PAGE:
Today we announced the Dell Technologies IoT Solution | Surveillance here at VMworld. This solution represents our ability to pull together technology capabilities and expertise from across the organization to deliver amazing solutions for our customers. We define ‘solution’ as two or more products or services from different Dell Technologies companies integrated with additional IP or engineering investments.This solution lays the foundation for our computer vision strategy which integrates traditional video with IoT and other technologies to ‘see’ more than ever before. Finally, this solution creates new linkages between three important customer organizations. It enables operational technology (OT) from the world of facilities and security organizations and the resiliency of the IT world to coexist in a single solution. It is a pre-integrated, lab-validated engineered solution that is flexible both in technology adoption and pricing, allowing for customization.This solution required us to work together across organizational boundaries, geographic boundaries, and to bridge the hardware / software divide. Mike comes from VMware, based in the Bay Area, and led the engineering team that delivered this solution. Mike drew heavily on his experience engineering working with Dell EMC VXRail, a fully integrated, preconfigured, and pre-tested VMware hyper-converged infrastructure appliance. From this experience, Mike learned that customers want solutions that deliver flexibility, ease of deployment, low cost of ownership and are simple to manage.Ken Mills is from the Dell EMC organization and lives across the country in Charlotte, NC. Ken has been a thought leader in Surveillance for years and is now the General Manager of this business, leading sales, marketing and solution engineering in this space. Ken has a history of driving start-up products within large organizations and as Geoffrey Moore says, has been in the belly of the whale – and survived. Ken brings the voice of the customer, a deep knowledge of the surveillance space, and a reminder that when we sometimes get caught up in the beauty of the technology, we need to remember the fundamental customer challenges we are working to solve. In the surveillance space, our customers care about protecting what matters and keeping the world safe.In order to do this, our customers need to know they can rely on the technology they are using and that is has been validated to work. It is not just about having enough hard drive space to store the video, it is also about the performance and reliability of the system to allow our customers to find and analyze their video as quickly and reliably as possible. Surveillance is moving to the datacenter and Dell Technologies is ensuring our customers have the best solutions from the edge to the core to the cloud.This experience of developing and launching a Dell Technologies solution has deepened some internal relationships – the connective tissue in a large organization. It’s given us some new muscles to build solutions in other market spaces. And it’s given our customers more technology choices to meet the challenges and opportunities in their own industries. Stay tuned for what’s next from Dell Technologies!This post is co-authored by Mike McDonough.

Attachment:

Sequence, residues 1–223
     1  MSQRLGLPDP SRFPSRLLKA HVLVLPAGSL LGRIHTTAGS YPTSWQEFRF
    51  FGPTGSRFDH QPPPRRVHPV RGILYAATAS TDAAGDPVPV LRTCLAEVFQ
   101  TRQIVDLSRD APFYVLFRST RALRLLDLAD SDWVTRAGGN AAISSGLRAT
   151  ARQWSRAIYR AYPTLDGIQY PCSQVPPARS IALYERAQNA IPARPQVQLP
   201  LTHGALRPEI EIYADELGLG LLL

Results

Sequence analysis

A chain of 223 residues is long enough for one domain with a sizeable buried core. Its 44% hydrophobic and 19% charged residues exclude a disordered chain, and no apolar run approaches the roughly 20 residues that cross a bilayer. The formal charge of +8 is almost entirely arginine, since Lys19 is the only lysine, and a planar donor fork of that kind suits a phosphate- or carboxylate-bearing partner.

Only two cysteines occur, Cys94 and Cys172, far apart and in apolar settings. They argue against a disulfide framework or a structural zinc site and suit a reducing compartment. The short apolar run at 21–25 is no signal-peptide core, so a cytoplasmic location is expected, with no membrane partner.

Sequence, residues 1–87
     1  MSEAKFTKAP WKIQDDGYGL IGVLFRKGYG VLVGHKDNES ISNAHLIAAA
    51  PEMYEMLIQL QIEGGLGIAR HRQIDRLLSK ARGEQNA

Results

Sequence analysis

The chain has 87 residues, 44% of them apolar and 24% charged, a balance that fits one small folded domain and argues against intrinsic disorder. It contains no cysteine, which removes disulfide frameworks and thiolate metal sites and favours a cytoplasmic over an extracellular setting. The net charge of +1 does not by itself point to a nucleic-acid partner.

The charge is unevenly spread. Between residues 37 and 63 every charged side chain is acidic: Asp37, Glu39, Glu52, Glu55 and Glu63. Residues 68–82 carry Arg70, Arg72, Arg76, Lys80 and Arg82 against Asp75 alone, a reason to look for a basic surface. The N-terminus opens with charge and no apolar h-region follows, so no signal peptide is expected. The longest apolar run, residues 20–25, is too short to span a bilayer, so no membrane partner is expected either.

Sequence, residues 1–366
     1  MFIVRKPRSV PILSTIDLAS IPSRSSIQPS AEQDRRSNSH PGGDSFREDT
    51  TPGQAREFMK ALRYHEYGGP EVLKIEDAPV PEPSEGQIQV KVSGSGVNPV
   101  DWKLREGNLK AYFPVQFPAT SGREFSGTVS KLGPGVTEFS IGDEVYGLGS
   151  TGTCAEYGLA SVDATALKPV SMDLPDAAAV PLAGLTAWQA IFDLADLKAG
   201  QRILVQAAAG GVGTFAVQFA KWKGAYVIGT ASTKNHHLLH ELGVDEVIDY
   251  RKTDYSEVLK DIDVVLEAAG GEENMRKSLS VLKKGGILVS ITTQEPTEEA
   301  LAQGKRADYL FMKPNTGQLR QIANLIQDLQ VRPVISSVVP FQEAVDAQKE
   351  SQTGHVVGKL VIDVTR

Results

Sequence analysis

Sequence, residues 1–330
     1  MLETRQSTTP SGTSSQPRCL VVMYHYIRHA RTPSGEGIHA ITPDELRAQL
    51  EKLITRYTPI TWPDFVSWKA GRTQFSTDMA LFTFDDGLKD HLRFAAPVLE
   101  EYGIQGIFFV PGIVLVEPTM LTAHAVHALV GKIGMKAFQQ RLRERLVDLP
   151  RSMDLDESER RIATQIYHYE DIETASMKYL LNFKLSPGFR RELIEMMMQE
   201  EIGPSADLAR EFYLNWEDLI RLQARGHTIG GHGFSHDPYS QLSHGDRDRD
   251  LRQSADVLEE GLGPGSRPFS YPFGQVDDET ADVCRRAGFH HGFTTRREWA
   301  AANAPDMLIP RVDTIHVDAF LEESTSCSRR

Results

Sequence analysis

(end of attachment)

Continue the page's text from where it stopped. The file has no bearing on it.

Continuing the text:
PORTLAND, Ore. (AP) — The role that race should play in deciding who gets priority for the COVID-19 vaccine has been put to the test in Oregon. But people of color won’t be the specific focus in the next phase of the state’s rollout. An advisory committee decided Thursday to prioritize those with chronic medical conditions, essential workers and others. But the debate shows a growing commitment to put racial equity at the heart of the nation’s mass vaccination campaign as COVID-19 disproportionally affects people of color. Experts say 18 states included ways to measure equity in their original vaccine distribution plans last fall and more have likely done so since the shots started arriving.
NEW YORK (AP) — David Fincher’s ‘Mank’ has topped Golden Globe nominations with 6 nods, while Netflix dominates.
BERLIN (AP) — German prosecutors say they have charged the elderly secretary of the former commandant of Stutthof with 10,000 counts of accessory to murder on allegations that she was part of the apparatus that helped the Nazi concentration camp function. The 95-year-old also faces an unspecified number of counts of accessory to attempted murder for her service at the camp between June 1943 and April 1945, said Peter Mueller-Rakow, spokesman for prosecutors in the northern town of Itzehoe, on Friday. No trial date has been set.
WASHINGTON (AP) — The executions at the end of Donald Trump’s presidency, completed in short windows over a few weeks, likely acted as a superspreader event. That’s according to records reviewed by The Associated Press. It was something health experts had warned could happen when the Justice Department insisted on resuming executions during a pandemic. By the end of 2020, 70% of death row inmates were sick with COVID-19. Guards were ill. Traveling prisons staff on the execution team had the virus. So did media witnesses, who may have unknowingly infected others when they returned home because they were never told about the spreading cases.